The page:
ArcX ring lets phone-using athletes keep their hands on the action
There are many sports where both of your hands are occupied, making it difficult to remotely control your smartphone – even if you're using a smartwatch. The ArcX Sports Ring, which will make its debut at CES 2021 later this month, was designed to remedy that problem.
Worn on the index finger, the silicone-bodied ArcX has a combination joystick/pushbutton control on one side, which is operated by the adjacent thumb. This means that both of the user's hands can remain in place on the bike handlebars, kayak paddle, rowing machine handle, barbell or whatnot.
Commands are transmitted via Bluetooth to a paired smartphone, where they can control music playback, operate the split-time stopwatch, accept or reject incoming calls, or perform additional functions. The ring can also be paired to other remotely-controllable devices, such as Bluetooth speakers, smart glasses or actioncams.
An iOS/Android app is initially used to configure the system, depending on what the user wants to control. If they're using the ArcX to control smartphone music playback, for example, the four-directional joystick is utilized to raise and lower the volume, and to skip ahead or backwards to other tracks. Quickly pushing the button down plays or pauses music – or suspends music playback to accept an incoming call – while holding it down for five seconds sends out an emergency SOS call.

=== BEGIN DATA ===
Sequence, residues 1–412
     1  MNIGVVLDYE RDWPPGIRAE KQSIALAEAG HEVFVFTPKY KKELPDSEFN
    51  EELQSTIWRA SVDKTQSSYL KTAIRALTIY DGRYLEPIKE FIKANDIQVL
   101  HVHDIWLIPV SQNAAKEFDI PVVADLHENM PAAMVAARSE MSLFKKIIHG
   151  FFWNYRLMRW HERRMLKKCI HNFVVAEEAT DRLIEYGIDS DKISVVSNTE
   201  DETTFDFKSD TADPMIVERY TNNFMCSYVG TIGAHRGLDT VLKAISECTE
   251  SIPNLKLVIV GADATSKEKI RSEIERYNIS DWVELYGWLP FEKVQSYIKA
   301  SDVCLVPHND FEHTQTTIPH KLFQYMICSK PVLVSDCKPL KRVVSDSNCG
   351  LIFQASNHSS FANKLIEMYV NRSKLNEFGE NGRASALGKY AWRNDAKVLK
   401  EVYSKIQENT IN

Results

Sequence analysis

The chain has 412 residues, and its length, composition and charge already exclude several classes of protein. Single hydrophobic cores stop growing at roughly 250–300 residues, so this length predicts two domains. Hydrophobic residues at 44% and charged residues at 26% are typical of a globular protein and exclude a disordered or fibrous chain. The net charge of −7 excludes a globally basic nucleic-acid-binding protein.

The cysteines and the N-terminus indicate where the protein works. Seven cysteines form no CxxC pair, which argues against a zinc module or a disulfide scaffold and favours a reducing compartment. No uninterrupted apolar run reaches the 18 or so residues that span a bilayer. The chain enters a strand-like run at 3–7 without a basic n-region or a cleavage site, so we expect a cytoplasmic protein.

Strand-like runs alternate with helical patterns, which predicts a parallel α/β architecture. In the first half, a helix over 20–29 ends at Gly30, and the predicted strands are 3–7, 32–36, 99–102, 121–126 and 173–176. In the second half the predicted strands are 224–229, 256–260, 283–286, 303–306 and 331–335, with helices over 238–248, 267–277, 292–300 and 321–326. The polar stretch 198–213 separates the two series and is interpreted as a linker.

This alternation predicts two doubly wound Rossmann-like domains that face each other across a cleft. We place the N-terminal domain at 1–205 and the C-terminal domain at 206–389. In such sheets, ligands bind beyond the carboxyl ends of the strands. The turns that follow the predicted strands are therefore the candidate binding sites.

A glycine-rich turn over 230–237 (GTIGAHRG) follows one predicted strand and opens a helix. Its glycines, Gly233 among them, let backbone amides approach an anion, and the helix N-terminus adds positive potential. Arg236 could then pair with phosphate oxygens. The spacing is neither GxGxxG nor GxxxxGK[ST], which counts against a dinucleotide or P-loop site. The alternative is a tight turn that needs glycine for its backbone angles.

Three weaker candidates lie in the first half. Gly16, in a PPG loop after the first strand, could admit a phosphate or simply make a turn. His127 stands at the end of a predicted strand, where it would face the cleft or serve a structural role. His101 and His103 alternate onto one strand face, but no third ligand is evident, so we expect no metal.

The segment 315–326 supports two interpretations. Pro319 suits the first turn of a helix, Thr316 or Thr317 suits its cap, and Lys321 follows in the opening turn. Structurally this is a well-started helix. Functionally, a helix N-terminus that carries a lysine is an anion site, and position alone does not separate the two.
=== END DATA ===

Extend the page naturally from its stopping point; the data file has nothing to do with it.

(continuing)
The device itself is IP67 waterproof, meaning it can withstand being submerged to a depth of 1 meter (3.3 ft) for half an hour. One charge of its lithium-polymer battery should reportedly be good for five days of "typical" use. And by using an included mount, it can be attached to a set of handlebars instead of being worn on the finger.
If you're interested in buying an ArcX Sports Ring of your own, you can register for updates via the source link below. Company founder/CEO Paul Blair tells us that production should begin next month, with shipping to commence in May. It will be priced at US$99, and is demonstrated in the following video.